June 2020 Message to the Parishes

It has been over one hundred days since the many changes brought about by the Covid -19pandemic. Working together we have done well in mitigating the spread of the virus as we continue to exercise caution. It is important to note that testing tells us that the virus is still with us in a significant way. For example, even though it was good news that half of those recently testing positive for Covid-19 in Onondaga County have no symptoms the bad news is that they can pass it on. Called “asymptomatic transmission” it is, in the words of the New England Journal of Medicine, “the Achilles” heal of Covid-19 pandemic control. With that we have a way to go before we have the control we need. As one health experts noted using baseball terms, we are only in the second inning of the pandemic. With that moving forward safely to resume Masses is a slow and complicated process. Safety, as we consult the science of things,is my first concern. Simply saying, as has been noted in instructions around the country, that if you choose to go to church you accept the risk is not acceptable to me. If I cannot guarantee that it is safe, I cannot proceed forward. I am responsible for everyone’s safety not only as a pastor but as a Christian. I have come to that conclusion in answer to the question: What would Jesus have me do?

So, given all of that you might ask: Where are we as a parish in terms of “resuming public worship,”worship that is now approved for twenty five percent of our church capacity which is about 100 to 125 people a Mass at either St. Patrick’s and St. James.The short answer is that we are not ready.

Where do I begin to explain why when considering the risk factors?

First, any celebration of Mass requires two things beyond a team of trained volunteers who accept greater risks as a volunteer. Everyone coming to Mass must receive, read and accept the conditions for coming to Mass. Those conditions include not only making reservations, bringing a personal hand sanitizer and wearing a mask but sitting wherever a volunteer will direct them. When accepting the terms of wearing a mask it means at no time removing it for upwards of forty minutes, (it is a challenge),except to receive communion. Those coming to church also must accept that there is no singing and no use of missalettes which will be removed from the church.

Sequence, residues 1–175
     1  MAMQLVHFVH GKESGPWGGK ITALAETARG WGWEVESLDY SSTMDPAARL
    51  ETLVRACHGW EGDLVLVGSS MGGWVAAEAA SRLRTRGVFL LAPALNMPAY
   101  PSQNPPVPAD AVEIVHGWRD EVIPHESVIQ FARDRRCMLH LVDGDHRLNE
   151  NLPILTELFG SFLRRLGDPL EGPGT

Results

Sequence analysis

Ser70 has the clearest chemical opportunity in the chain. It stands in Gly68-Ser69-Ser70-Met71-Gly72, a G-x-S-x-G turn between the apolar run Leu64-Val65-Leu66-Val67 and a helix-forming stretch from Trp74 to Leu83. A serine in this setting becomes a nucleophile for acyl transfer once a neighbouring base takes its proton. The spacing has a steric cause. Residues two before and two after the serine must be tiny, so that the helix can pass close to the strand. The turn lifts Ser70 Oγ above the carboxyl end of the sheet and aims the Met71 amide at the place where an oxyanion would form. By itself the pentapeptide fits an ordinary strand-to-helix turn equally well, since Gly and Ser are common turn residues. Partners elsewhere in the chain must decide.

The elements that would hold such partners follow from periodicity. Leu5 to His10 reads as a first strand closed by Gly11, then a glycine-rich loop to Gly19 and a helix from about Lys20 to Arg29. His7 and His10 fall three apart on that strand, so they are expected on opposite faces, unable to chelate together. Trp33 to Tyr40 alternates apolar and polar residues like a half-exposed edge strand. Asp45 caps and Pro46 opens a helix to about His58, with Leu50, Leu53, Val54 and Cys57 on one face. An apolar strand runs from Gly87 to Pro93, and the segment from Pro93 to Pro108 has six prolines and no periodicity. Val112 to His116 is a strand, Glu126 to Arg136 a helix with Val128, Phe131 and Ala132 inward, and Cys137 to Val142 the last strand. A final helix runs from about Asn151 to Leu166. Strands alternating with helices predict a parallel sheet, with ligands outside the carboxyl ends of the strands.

Second, I must sign off on 16 points of safety and have those approved by the Diocese.

There is more such as no congregating outside of church before or after Mass but I’m sure you get the idea. This is not Mass as you have ever experienced it before

As I continue to consider if and when to proceed please keep the following things in mind.

  1.  The dispensation from your obligation to attend Mass, given by Bishop Lucia, remains in effect. Therefore, you are not obligated to attend Mass; doing so is your personal decision considering the risks.
  2. Gatherings have inherent risk of spreading Covid-19.Any decision to attend a public gathering of any kind shouldbe made carefully.
  3. Always consider any preexisting conditions that put you in a higher risk group as well as symptoms of a new respiratory illness: cough, shortness of breath, fatigue with muscle aches, chills, headaches, sore throat, the loss of taste or smell before you consider attending a public function.
  4. Be aware that our experience of Mass will not be the usual not only wearing a mask,including sitting in your favorite spot as churches are required to fill a church section by section, row by row.
  5. Keep in mind the number of resources online as will through your cable outlet for Masses or spiritual helps. The Bishop has acknowledged that these will remain the primary way the majority of Catholics will stay connected to their faith until the pandemic reaches a conclusion.

Finally, as the pandemic will continue to challenge us along with the second challenge of our struggle with national issues of racism and equal justice continue to pray for the many concerns that are around us. Together in pray, faith and action we can do so much from the part of this world that we call home, neighborhood, town, or village.If you ever have questions or concerns your calls and emails are welcome.